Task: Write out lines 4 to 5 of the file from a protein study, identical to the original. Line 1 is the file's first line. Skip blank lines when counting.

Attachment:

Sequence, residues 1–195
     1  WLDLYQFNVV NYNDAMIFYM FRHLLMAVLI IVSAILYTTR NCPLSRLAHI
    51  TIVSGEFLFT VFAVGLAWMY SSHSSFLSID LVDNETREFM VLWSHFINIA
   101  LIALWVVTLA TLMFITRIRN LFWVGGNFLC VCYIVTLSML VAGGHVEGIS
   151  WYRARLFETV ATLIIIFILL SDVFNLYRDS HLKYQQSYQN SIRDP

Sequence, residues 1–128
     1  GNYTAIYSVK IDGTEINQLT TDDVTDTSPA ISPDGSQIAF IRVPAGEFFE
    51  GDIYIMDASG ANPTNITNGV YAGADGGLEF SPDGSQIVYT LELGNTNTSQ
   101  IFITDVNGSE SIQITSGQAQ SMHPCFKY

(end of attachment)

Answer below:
   101  LIALWVVTLA TLMFITRIRN LFWVGGNFLC VCYIVTLSML VAGGHVEGIS
   151  WYRARLFETV ATLIIIFILL SDVFNLYRDS HLKYQQSYQN SIRDP